“OK. Well, it was a pleasure meeting you.”
You met someone at a party and were talking with them for a few minutes. Now she has signaled that she's going to end the conversation and go talk to other people. You say this to say "goodbye" to her politely.
OK. Well, it was a pleasure meeting you.
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There are several uses for the word "well". One important use is to show that you are ready to finish a conversation. The end of a conversation might go something like this:
A: Well, I look forward to working with you.
B: Yeah, me too.
A: See you around.
Some other examples of "well" used to end a conversation are:
This is a polite phrase that you say to someone that you've just met for the first time at the end of the conversation. It's a bit formal. Some more casual phrases that mean mostly the same thing are:
It was nice to meet you.
Nice meeting you.
How do you decide when to use a more formal phrase or a more casual one to say goodbye to a person you just met?
- If you made a lot of jokes with this person during your conversation, you might use the casual version.
- If you met at a formal occasion where you were all wearing suits or nice dresses, you might use the formal version.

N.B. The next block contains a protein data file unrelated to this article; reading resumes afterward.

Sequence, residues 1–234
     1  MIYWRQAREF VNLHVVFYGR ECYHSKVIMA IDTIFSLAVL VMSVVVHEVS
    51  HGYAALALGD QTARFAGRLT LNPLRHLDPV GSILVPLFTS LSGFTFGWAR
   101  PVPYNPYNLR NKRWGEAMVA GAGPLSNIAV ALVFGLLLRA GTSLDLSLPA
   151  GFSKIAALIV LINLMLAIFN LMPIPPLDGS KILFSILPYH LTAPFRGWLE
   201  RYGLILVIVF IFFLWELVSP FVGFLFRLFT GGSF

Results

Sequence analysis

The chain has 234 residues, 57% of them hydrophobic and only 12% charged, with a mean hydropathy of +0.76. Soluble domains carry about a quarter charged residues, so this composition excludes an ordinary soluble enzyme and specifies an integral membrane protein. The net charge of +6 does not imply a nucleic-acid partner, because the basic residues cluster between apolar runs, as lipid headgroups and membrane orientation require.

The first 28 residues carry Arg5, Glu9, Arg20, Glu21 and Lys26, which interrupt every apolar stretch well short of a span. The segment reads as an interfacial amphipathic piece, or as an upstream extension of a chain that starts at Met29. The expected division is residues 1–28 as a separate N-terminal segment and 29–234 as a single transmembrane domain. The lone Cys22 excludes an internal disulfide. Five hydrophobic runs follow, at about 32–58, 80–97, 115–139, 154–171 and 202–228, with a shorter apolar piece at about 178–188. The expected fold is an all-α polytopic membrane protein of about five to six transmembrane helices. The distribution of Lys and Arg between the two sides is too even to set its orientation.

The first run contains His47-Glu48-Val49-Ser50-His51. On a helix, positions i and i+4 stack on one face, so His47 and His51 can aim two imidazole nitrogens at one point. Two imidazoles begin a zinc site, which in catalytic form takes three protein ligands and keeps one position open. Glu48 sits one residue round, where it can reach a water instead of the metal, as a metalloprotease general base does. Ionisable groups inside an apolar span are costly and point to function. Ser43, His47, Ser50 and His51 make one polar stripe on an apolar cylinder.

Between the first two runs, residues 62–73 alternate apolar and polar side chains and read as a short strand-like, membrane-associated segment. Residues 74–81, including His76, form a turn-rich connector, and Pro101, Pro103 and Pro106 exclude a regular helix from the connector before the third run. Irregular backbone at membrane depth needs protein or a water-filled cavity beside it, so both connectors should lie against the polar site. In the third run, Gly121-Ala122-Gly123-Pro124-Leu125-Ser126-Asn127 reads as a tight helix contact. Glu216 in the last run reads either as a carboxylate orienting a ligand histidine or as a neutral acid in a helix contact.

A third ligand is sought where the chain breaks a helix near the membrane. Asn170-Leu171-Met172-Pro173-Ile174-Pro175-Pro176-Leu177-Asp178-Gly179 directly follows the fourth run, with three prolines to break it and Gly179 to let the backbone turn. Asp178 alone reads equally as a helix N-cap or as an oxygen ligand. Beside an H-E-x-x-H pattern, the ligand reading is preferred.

- If you want to impress the other person because they're more powerful and important than you, you can use the more formal version.
- If you think you're going to speak with this person again soon, like when you've been introduced to a new coworker, use the more casual version.
Remember that these are phrases that you say at the end of the conversation. At the beginning of a conversation, there are phrases that sound similar but are a little different:
Nice to meet you.
Pleased to meet you.
"Pleased to meet you" sounds too formal and old-fashioned to me, but some people might use it.
One of the ways that English speakers use "OK" is to signal a change in the flow of conversation.
For example, before you begin a meeting everyone might be making small talk and chatting about different topics. To start the serious business part of the meeting, you can start with "OK".
You can also use "OK" when you want to: